This one is by reader M. Jed. You might remember that last month, M. Jed had a post on how demographics affect tax collections. Here’s M. Jed:
Let me state up front that I am a proponent of Social Security privatization. My reasons vary, and in researching this, some were validated and others called into question but they included – (1) higher expected rates of return, (2) increased equity ownership and portfolio diversification for those at the lower end of wealth spectrum, and (3) a personal bias towards increased individual responsibility versus social responsibility. Solvency is not and has never been one of my reasons. Frequent commenter Bruce Webb, persistently asks privatization proponents to backup their ideology with numbers and what follows is my attempt.
For those, including myself, that recognize Social Security as a combination of retirement savings and disability insurance, fortunately the SS Administration breaks out the components of the contribution rates. The Old Age and Survivors Insurance (OASI) (original design of the program) component of the contribution rate is 5.3% for each employee and employer. Using the Consumer Population Survey’s Income Statistics, I recreated a life-cycle household earnings chronology, for the median household, which based on my estimates starts at $30,000 at age 22 (median for 15-24 year olds is $28,770) and peaks at $64,000 at age 45, before starting to decline again. The real IRR of SS for the post baby-boom generation is estimated at about 1.8%. With the contribution rate, estimated household incomes, and the IRR, it’s possible to estimate the projected real account value at retirement (I used age 65). For this hypothetical median family, they contribute $247,000 over the course of their career(s) and have a real account value at retirement of $370,000. As I understand the cited source, the 1.8% real IRR only incorporates the OASI component of SS so it is apples-to-apples for the 10.6% employer/employee combined contribution.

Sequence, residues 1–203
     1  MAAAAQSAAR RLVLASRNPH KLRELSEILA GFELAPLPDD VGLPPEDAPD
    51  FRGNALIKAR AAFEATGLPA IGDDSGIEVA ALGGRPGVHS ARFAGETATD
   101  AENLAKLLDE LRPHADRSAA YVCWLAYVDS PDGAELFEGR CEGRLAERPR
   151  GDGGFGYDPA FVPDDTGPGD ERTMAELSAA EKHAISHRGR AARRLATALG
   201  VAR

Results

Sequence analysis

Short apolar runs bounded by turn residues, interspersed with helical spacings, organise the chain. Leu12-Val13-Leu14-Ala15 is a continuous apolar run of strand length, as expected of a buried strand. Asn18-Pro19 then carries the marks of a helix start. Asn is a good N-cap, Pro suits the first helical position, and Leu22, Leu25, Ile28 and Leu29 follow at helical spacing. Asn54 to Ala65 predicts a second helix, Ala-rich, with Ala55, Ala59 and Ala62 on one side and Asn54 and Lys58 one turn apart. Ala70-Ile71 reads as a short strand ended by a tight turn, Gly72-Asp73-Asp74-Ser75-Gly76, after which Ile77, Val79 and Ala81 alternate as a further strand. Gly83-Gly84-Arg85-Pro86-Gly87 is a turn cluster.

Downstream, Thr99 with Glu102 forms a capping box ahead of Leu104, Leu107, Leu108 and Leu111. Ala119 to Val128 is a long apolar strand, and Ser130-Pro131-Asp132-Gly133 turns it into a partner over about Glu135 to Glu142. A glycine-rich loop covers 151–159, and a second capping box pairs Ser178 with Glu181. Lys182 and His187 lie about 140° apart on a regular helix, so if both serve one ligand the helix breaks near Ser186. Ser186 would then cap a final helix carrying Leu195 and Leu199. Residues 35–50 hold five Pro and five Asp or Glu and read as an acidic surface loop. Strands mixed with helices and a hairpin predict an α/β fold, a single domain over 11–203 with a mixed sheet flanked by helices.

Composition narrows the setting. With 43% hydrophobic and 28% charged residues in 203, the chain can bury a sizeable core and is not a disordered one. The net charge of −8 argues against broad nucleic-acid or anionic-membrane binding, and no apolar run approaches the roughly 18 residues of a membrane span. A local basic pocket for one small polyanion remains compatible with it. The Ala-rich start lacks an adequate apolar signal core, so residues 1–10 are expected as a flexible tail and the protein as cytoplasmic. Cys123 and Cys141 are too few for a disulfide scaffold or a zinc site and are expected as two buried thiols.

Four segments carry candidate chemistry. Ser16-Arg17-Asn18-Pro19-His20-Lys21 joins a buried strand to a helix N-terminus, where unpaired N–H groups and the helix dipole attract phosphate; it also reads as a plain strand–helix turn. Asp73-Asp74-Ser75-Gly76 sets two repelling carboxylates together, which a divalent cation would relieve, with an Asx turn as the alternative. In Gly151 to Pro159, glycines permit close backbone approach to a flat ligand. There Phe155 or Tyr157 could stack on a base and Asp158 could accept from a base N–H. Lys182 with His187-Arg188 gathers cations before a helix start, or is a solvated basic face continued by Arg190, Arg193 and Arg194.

Now, most people (even Bruce) acknowledge if one were to have instead invested prior contributions and received the historical equity rates of return, the Social Security account values would be substantially higher. What Bruce doggedly questions is why people assume that historical equity returns are likely to persist in an environment where the required assumption (i.e., that SS faces problems) is that productivity growth will be lower than history. I make no such assumption, however, in researching this post I found that the primary reason OASI has a lower IRR than government bonds is because of the net wealth transfer that benefited initial recipients in a pay-as-you-go pension scheme, since they made no contributions. This wealth transfer needs to be taken into account when projecting rates of return and is estimated as a reduction of 25% of contributions. Note that grossing up the 1.8% IRR for this 25% reduction, is 2.4%, or about the historical real return on government bonds, and slightly better than current long-dated TIPS yields.
So let’s move to equities. There exist >multiple sources that note that historical rates of return on equities are not the correct benchmark, but rather they seem to center on an expected forward real U.S. equity return of 4.5%. I’ve been unable to find projections for foreign equities, but I recognize arguments for either greater or lesser expected returns relative to U.S. markets and also the political firestorm that recommending investing Social Security contributions in non-U.S. based companies would create and thereby default to the 4.5% for the entire equities component. Using a real rate of equity returns of 4.5%, an assumption of an administration fee on equities of 0.25%, and a 25% reduction in the rate to pay for historical wealth transfer produces an effective expected total return on equities of 3.2%. If one were to allocate 50/50, the effective expected SS rate would be 2.5% compared to today’s 1.8%. Over the course of a median career, this results in an expected portfolio at retirement that is 22% higher than the status quo and if one were to allocate 75% to equities it would be 33% higher.
The post-retirement OASI annuity component must also be taken into account, but I’d note that there currently exist a plethora of private products with income-for-life for both the purchaser and spouse that have both market exposure and guaranteed returns. Analyzing these would necessitate a much longer post.
In conclusion, (1) private accounts would produce higher expected at-retirement account values, though nowhere near as high as most proponents suggest and (2) the “free lunch” comes from increased diversification for those who have traditionally not invested in equities, which I personally assume is because most of their savings has gone to Social Security. Finally, by far the best and most balanced summary of SS issues I found was here which addresses the top 10 myths of SS reform perpetuated by both the left and the right, many of which have been discussed at AngryBear.